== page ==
She got here on Tuesday. We explored the dirty dirty city that is my home. I liken it to a dirtier, heated up version of Cincinatti. Sort of like the carribean's armpit. Not exactly your ideal vacation spot, but cool in its own right. The city has mass options and I feel like we definitely experienced the majority of the stuff worth doing... mainly eating chinese food and pastries.
We also traveled to a small town called Las Galeras. The rain pissed all over for our entire stay there, but we still hiked to a cliff overlooking the ocean and saw whales thanks to the pro eyes of Caitlin.
My training was a bit off what I would have liked stemming from a couple off days due to the vacation. Definitely worth it, but I am back at it and I need to get to it to get the proper training fatigue for this block.
In other news, the english learners at this school apparently love Allanis Morsette... I played it for them during a reading exercise ( chosen by popular demand and they sang it like a kids choir). Really weird. They also like moonshadow by Cat Stevens. Ecletic taste.
Monday, March 1, 2010
JP: Trevor, thanks for taking the time to talk with us. First, can you tell us when and how you got started in Triathlon?
TW: I focus on the Ironman and IM 70.3 stuff for sure. My swim is getting better, but it's definitely not in the league of being able to compete in anything draft legal. With Ironman you've got to have some speed, but it really comes down to strength. On the run, if you can hold a 6:40 mile pace for 26 miles off the bike you'll be in contention. I can see that coming my way in a few years, but a 31 min 10k in short course is another matter.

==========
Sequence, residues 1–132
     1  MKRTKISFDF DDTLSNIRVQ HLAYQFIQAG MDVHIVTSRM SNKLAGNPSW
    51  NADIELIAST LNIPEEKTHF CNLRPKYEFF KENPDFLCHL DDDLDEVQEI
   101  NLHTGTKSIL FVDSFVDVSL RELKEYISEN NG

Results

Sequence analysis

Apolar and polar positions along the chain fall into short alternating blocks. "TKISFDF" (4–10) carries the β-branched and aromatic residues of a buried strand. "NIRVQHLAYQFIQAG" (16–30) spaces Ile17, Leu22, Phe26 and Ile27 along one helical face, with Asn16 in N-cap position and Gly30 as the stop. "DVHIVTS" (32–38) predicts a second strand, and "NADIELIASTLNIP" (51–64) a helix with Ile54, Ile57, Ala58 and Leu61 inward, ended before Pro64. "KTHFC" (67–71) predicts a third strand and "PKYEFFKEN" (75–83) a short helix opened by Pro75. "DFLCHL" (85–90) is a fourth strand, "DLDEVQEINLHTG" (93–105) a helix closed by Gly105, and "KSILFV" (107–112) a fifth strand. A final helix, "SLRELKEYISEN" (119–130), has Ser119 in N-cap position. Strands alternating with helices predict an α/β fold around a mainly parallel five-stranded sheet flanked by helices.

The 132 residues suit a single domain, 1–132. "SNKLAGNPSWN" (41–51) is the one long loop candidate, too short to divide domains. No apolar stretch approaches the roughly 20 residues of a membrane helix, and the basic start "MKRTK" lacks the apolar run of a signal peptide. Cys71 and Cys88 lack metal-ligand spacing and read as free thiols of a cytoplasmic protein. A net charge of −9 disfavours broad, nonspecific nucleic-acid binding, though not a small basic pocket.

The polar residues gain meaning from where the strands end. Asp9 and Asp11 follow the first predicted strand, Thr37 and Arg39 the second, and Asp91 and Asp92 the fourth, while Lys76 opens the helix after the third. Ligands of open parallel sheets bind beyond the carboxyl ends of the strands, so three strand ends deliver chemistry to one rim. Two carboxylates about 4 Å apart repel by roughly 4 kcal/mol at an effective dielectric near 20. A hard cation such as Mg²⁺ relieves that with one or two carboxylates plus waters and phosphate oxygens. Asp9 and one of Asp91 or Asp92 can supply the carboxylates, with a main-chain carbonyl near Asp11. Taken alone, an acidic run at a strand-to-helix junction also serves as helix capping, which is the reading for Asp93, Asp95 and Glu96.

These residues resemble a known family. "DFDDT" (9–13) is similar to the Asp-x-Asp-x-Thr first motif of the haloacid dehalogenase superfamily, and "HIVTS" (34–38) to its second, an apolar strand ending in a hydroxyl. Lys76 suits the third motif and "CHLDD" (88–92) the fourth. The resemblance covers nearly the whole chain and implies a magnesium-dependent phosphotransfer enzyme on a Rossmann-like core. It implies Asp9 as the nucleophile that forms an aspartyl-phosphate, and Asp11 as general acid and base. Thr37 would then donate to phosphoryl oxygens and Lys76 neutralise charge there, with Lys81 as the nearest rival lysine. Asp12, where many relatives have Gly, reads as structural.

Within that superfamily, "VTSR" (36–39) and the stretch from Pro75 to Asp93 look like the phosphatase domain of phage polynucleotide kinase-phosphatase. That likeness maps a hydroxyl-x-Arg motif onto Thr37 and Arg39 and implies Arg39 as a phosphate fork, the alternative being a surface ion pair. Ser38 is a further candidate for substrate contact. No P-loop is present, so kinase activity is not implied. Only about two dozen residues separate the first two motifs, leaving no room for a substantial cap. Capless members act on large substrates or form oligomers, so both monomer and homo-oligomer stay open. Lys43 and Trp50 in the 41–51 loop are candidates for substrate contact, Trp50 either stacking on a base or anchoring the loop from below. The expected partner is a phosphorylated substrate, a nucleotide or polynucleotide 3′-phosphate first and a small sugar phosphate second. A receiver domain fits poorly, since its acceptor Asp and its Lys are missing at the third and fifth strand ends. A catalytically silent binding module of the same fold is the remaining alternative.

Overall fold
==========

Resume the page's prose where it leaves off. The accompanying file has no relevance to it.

JP: Can you walk us through the decision that you and Heather made to commit to being full-time professional triathletes?
TW: The first couple years as an age grouper (2004-2006) I had one speed in training - hard. Hard in the pool, hard on the bike, hard on the run. Even on long 30km runs I would aim to break old records every time I went out. Painful way to train and injuries followed.
Slowly I started reading about Mark Allen and Peter Reid's approach and their use of a lot of slower aerobic work - especially running. I stayed in that vein for 2 more years as an age grouper with great results. Now, as a full time athlete the biggest change is overall volume, as well as the difference between a hard day and an easy day. Hard is hard, easy is 'why am I doing this' - it's a difficult thing for me get used to, I often find myself going too hard on the easy days.
TW: 2009 was a year of adaptation and learning, but I saw gains across all three sports at various times through the year. Those gains just never really came out all at the same time during a race! I've now sorted out a lot of issues so hopefully 2010 is the year to lay down a complete race.
JP: Could you describe a basic week for us?
TW: Like everyone, it's always different. January, February, and March always have the biggest weekly volume - around 30 hours for me. As the race season approaches we get a little bit more specific and throw out the extra grey zone volume. Making the weeks feel harder, but the volume edges down closer to 25 hrs. You really have to listen to your own body and can't just pound out miles for the sake of trying to get to 30 hrs for the week. Prime example - this past week I had to take 2 days totally off because things were falling apart. That was not in 'the plan'. It makes the week on paper look horrible, but it really was the best thing for next block of training.